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Why is my CPU running at 100 percent, when only three windows are open?!

Question:

Windows XP: Why is my CPU running at 100 percent, when only three windows are open?!


I run Windows XP (Home Edition)on my system and frequently find that the number of processes running can be as high as 63, with the CPU usage rising to 100 percent and a commit charge of 943M/2313M. I should add that this happens with only two or three windows open but minimized.

This completely takes over my PC and virtually brings it to a non-useful condition. Can anyone please tell me what can be done to help me safely bring the amount of processes down as I don't believe that all 63 are needed? Many thanks and kind regards.

--Submitted by Patrick N. , London, United Kingdom

Here are some featured member answers to get you started, but
please read all the advice and suggestions that our
members have contributed to this question.

Troubleshooting a slow PC --Submitted by Droid
http://forums.cnet.com/5208-6142_102-0.html?messageID=3300604#3300604

Why is my CPU running at 100 percent --Submitted by Fatboy71
http://forums.cnet.com/5208-6142_102-0.html?messageID=3300624#3300624

Runaway processes... --Submitted by Wolfie2k5
http://forums.cnet.com/5208-6142_102-0.html?messageID=3300738#3300738

Check your processes & scan for viruses --Submitted by si
http://forums.cnet.com/5208-6142_102-0.html?messageID=3300796#3300796

Try an "empty" start --Submitted by TreknologyNet
http://forums.cnet.com/5208-6142_102-0.html?messageID=3300935#3300935

CPU at 100% running answer --Submitted by seking0011
http://forums.cnet.com/5208-6142_102-0.html?messageID=3300931#3300931

Thank you to all who contributed!


If you have some additional recommendations or advice for Patrick, please click on the reply link and submit it. Please be as detailed as possbile when providing a solution. Thanks!
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PS Are Really Easy To Change Out....

In reply to: use a 650 or 750 watt ps....btw,

The older power supplies are not the ones I run with. I am like you I would change it out and it is not that hard. Just follow your wiring and connections to replace the PS that one has now with a new one. Good Luck to our friend with this issue!!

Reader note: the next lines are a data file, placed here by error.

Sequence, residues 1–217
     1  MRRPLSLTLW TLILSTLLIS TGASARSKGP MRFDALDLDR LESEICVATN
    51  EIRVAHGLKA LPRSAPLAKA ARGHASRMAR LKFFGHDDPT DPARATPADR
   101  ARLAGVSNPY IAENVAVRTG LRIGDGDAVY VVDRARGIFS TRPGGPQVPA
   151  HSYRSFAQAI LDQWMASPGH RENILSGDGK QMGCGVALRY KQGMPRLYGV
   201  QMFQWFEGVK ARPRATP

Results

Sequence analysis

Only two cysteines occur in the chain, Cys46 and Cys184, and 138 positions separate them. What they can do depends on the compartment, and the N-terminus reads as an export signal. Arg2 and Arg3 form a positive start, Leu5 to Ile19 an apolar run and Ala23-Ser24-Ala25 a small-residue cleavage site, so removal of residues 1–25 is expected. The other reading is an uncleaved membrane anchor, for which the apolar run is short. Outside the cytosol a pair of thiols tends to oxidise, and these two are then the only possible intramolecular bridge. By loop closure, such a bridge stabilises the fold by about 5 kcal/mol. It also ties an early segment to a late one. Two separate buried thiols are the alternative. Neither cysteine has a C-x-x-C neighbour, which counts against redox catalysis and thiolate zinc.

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PS Are Really Easy To Change Out....

In reply to: PS Are Really Easy To Change Out....

Hi PHLW19642002
Thanks for your input, I hope you can clarify a few points for me.
I think anyonecam has a good point as I am sure that I don't have viruses etc, the trouble is I don't know what a PS is, I am assuming it is the power supply? But I don't know what it looks like or where on the motherboard it is situated.
Or indeed how to determine the size of the unit that is now in place?

As I put in my mail to anyonecam (expecting an answer, as it is his advice) for the less savvy of us can you tell me where I will find the PS in order to change it?
How is the power of the installed PS determined?
Is it easy to change?
And what is ...BTW?

PS, I just remembered after a power failure some months ago I had a unit replaced and I am sure it was the Power Supply Unit, the numbers are below if they make any sense to you
MODEL 400W
+3.3V 18A, +5V 20A, +12V1 13A, -12V2 0.3A, +5VSB 2A
And my processor is a Celleron 2.8

I was wondering if they were up to the job?
Regards Tyler

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(NT) BTW IS SHORTHAND FOR "BY THE WAY"

In reply to: PS Are Really Easy To Change Out....